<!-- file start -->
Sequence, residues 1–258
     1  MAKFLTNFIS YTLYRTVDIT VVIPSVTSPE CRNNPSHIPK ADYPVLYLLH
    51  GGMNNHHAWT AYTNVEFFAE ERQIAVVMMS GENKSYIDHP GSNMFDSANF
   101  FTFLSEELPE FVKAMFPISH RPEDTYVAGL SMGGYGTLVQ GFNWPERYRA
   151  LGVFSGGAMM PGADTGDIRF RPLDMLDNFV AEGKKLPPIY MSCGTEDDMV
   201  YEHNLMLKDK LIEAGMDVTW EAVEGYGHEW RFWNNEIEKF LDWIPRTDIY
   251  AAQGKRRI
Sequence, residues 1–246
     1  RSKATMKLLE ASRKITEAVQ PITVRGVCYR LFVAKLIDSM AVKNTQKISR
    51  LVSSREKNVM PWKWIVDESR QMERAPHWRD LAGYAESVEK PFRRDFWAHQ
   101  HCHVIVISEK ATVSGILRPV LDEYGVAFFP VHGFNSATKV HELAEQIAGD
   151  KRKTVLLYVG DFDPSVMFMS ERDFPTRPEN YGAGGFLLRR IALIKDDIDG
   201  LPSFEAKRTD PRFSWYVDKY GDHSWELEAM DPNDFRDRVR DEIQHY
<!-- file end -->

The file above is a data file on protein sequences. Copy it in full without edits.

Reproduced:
Sequence, residues 1–258
     1  MAKFLTNFIS YTLYRTVDIT VVIPSVTSPE CRNNPSHIPK ADYPVLYLLH
    51  GGMNNHHAWT AYTNVEFFAE ERQIAVVMMS GENKSYIDHP GSNMFDSANF
   101  FTFLSEELPE FVKAMFPISH RPEDTYVAGL SMGGYGTLVQ GFNWPERYRA
   151  LGVFSGGAMM PGADTGDIRF RPLDMLDNFV AEGKKLPPIY MSCGTEDDMV
   201  YEHNLMLKDK LIEAGMDVTW EAVEGYGHEW RFWNNEIEKF LDWIPRTDIY
   251  AAQGKRRI
Sequence, residues 1–246
     1  RSKATMKLLE ASRKITEAVQ PITVRGVCYR LFVAKLIDSM AVKNTQKISR
    51  LVSSREKNVM PWKWIVDESR QMERAPHWRD LAGYAESVEK PFRRDFWAHQ
   101  HCHVIVISEK ATVSGILRPV LDEYGVAFFP VHGFNSATKV HELAEQIAGD
   151  KRKTVLLYVG DFDPSVMFMS ERDFPTRPEN YGAGGFLLRR IALIKDDIDG
   201  LPSFEAKRTD PRFSWYVDKY GDHSWELEAM DPNDFRDRVR DEIQHY